The grants come and go over months and years, and so do the students and staff. Get the timing wrong, and you might have funding with no researchers, or researchers with nothing to do.

“At UCI, I’m like a small-business owner,” Cummings said.

Over a hasty lunch in his office (cold sandwiches grabbed during a trip, with Anderson, to a nearby campus snack shop), Cummings spoke of the merging of home and office life.

Writing up grant requests takes up both researchers’ time. Often, as they write, Camryn is playing in the background, whether at home or at the office. And research collaborators can show up wanting to conduct interviews at any time, holidays included.

“I did draw a line in the sand at Christmas Eve,” Anderson said.

Cummings knows such stress has driven other husband-and-wife teams into open conflict. But that just isn’t his and Anderson’s style. In fact, he said, keeping a scientific perspective, even at home, might help keep things calm.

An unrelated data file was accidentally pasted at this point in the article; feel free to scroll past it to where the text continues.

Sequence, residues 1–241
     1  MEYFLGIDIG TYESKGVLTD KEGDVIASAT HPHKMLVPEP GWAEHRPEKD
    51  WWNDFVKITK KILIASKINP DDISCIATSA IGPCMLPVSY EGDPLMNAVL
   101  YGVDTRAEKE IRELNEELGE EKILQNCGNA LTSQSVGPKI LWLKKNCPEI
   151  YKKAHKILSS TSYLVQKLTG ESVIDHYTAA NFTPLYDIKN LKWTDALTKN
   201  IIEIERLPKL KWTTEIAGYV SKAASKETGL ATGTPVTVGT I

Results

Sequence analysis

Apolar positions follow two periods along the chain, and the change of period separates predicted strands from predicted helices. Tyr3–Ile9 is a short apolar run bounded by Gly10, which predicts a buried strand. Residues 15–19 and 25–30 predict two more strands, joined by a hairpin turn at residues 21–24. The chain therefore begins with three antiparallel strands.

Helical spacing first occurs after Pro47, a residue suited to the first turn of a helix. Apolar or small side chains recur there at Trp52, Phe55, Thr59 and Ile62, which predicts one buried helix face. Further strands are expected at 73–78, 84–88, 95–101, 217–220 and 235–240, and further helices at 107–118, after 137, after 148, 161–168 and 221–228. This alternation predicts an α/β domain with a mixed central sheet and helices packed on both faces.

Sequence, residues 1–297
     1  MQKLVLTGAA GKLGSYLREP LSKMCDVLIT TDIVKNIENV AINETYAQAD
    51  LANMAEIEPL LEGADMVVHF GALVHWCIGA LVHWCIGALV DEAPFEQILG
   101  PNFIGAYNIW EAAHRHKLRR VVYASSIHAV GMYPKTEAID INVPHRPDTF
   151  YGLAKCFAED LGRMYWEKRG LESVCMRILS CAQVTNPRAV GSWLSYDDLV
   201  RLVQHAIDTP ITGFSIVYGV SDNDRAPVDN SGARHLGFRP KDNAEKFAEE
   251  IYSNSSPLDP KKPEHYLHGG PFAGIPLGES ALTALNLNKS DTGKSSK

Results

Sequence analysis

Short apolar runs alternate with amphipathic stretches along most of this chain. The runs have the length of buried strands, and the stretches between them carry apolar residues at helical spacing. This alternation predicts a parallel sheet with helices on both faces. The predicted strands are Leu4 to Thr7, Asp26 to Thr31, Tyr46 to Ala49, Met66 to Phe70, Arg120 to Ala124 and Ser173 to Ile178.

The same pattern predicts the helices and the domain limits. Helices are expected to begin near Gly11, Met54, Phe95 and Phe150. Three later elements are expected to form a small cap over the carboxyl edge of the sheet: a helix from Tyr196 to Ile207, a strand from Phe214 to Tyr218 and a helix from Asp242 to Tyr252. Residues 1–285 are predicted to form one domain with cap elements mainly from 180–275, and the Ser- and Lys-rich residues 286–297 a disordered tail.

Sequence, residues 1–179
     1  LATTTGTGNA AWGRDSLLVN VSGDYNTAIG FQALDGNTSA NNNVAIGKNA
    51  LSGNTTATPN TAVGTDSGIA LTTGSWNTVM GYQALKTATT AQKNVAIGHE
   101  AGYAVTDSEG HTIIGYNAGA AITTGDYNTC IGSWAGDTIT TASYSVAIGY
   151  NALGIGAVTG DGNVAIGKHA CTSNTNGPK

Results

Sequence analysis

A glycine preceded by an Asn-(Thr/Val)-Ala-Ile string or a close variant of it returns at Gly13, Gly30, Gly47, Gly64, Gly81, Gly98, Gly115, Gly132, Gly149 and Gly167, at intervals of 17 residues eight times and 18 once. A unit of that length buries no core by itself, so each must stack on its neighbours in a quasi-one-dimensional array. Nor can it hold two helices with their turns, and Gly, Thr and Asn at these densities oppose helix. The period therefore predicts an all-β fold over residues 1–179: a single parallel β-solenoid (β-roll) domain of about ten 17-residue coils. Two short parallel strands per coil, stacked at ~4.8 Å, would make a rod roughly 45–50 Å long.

“There’s no need to be yelling and shouting at each other because we don’t think that way,” he said. “You’re supposed to believe nothing until you prove it.”

That doesn’t mean they don’t differ, sometimes strongly, over scientific details.

“They don’t always agree with each other, and that’s good,” said Brittany Greer, an intern in their lab and an Anderming.

Nurturing the students and young scientists is part of the pleasure of doing science for both halves of the research couple, Anderson said.

“You start to look at this crowd of people as your second family,” she said. “They’re your kids. That is fun and rewarding for sure.”